I am a magnet for crazy people. Well, maybe working at Wal-Mart has something to do with it.
I was supposed to leave at 6 p.m. Sunday night. My feet hurt, I could tell I was coming down with a cold and all I really wanted to do was sleep. I had been at the Service Desk pretty much by myself since 4 p.m., when they pulled the other two people off and tossed them on a register because two of the 4 p.m. cashiers didn't show up.
I saw the evening supervisor wander by at 6:15 and asked her when I could go home. She sort of "pretended" not to hear me and then ran to fix a problem on Register 8. So I guess I was on my on. Then it go so busy I thought my eyes were going to cross and my feet were going to fall off.
I was moving at a pretty good clip — the people in my line were decently happy - they just said "they should get you some help up here" — but no one was angry — and I was doing business as fast as I could.
Then this crazy woman with hair all over the place and a sundress and no bra — AND IT WAS POURING OUTSIDE — yeah, get that picture — came up and started hollering.
"I want a buggy." Umm. This is the Service Desk. It is Sunday night though, so the cart pushers may be behind. I never understand why people do that though. When the carts are out at the door, they come further INSIDE to get one. Even though it is further to the Service Desk than back out the door to the first cart rack. Because you know, NO ONE ELSE HAD THE SAME BRILLIANT PLAN TO SEE IF WE KEEP A SPECIAL STASH OF CARTS THAT SAY "RESERVED FOR JANET SMITH" just waiting at the Service Desk for you.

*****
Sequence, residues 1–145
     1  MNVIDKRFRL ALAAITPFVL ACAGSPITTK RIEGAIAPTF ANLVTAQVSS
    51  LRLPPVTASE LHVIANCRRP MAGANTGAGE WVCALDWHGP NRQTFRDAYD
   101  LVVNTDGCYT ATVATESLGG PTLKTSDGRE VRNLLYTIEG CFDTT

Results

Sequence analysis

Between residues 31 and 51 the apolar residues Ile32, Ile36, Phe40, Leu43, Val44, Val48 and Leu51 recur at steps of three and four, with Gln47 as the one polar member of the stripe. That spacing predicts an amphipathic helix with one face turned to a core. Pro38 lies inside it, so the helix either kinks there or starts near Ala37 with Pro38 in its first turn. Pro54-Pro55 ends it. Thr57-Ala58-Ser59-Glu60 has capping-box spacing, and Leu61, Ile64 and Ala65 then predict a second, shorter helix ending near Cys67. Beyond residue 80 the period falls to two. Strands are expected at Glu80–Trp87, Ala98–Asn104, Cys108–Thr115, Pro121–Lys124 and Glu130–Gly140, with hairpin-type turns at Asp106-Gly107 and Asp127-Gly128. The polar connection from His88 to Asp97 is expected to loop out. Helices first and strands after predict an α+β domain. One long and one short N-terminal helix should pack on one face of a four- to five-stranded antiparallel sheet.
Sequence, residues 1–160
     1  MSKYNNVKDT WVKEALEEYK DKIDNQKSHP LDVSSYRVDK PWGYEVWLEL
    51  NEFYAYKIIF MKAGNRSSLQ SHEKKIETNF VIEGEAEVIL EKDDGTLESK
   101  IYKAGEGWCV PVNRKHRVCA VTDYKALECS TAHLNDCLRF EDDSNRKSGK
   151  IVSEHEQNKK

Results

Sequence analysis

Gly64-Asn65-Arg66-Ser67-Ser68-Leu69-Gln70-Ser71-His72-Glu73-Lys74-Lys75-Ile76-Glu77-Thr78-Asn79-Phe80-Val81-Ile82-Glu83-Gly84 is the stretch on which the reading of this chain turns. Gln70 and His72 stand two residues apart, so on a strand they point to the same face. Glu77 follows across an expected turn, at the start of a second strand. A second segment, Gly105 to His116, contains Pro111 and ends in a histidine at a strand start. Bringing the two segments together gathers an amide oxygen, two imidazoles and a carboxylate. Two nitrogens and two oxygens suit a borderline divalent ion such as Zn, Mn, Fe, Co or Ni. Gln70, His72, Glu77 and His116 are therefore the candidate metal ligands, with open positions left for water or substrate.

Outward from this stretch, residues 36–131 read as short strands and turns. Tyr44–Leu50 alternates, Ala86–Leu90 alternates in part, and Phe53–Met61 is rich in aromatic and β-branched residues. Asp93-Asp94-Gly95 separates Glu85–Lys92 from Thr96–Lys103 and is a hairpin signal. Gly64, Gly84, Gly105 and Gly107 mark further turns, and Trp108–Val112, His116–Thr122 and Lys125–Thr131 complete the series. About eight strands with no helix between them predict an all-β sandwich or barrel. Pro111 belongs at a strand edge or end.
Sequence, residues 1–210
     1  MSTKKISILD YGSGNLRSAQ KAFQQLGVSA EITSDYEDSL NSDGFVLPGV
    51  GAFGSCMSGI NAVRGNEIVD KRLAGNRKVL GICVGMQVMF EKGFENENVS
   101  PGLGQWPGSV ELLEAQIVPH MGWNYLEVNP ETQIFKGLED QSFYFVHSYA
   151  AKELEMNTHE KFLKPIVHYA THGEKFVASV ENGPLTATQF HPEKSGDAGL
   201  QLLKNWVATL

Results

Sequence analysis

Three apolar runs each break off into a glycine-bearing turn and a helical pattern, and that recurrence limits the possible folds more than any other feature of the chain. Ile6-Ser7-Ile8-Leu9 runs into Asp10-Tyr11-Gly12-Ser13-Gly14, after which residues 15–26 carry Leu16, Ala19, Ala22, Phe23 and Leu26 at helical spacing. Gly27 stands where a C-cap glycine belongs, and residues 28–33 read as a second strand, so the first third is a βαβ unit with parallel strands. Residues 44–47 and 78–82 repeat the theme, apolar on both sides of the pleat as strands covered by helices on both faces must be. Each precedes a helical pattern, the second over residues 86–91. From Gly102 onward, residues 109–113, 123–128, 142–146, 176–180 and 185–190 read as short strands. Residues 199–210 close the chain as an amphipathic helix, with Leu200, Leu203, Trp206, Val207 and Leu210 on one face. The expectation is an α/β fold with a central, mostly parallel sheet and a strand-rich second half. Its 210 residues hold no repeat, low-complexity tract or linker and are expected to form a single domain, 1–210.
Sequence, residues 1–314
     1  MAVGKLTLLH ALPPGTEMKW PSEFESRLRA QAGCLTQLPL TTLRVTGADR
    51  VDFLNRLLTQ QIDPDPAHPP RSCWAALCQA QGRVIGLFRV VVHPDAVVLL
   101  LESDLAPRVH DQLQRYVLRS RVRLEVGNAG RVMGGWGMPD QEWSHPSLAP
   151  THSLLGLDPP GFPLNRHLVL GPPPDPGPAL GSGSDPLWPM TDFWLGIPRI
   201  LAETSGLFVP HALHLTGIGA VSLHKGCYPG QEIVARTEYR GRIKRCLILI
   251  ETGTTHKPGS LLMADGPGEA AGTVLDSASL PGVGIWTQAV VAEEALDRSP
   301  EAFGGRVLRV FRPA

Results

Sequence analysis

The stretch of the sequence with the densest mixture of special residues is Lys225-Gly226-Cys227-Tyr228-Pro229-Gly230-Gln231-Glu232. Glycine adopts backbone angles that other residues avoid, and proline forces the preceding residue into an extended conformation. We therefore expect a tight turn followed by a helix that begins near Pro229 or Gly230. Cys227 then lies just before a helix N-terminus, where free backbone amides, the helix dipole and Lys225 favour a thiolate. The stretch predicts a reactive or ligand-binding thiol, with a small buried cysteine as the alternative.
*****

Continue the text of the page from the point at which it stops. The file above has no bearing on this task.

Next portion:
"Did you try both doors, ma'am?"
"I want one of these buggies." And she points to one of the ones that's jammed with stuff that people leave all over the store. And the stuff that either has food that has been returned and we can't sell again or merchandise that has to go back to our Claims department.
"Ma'am, can you give me a second and I can try to get a buggy for you?" I was trying to do all this and deal with the seven people WAITING in line in front of me. While she's rumbling carts around at the Service Desk.
"I feel so hot. So sick. I just want to get out of here. I want a buggy now. You should be helping me." A buggy might be what you want. What you need is a good slap across the face.
So apparently I wasn't moving fast enough for her. At this point, she takes matters into her own hands and starts unloading the least empty cart, the one that defective merchandise has been going into for the last four hours. And we take back a LOT of defective merchandise. I see her start to just throw the stuff into whatever buggy she can find.
"Ma'am, if you're going to do that, could you please just put it on the floor? That is defective merchandise."
She bridles at me. "I don't see why it matters. I need the cart. I feel sick and I need to get out of here." You feel sick and need to get out of here, but you're going to go shopping instead?
I just keep on doing my thing at my register.
An hour and 15 minutes later, when it is nearly 7:30 p.m., they finally send someone up for me. And who is the new girl's first customer? The crazy woman.
She's got a buggy full of stuff.
"Can you take me here? I feel bad and need to get out. The lines are so long. It is so busy tonight."
This woman must live in a constant state of denial. She feels "bad" but manages to unload a cart jammed with defective merchandise, then load it with her shopping, then stand on her feet and shop for another 75 minutes. In spite of feeling "bad" and "needing to go home." Un-freaking-real.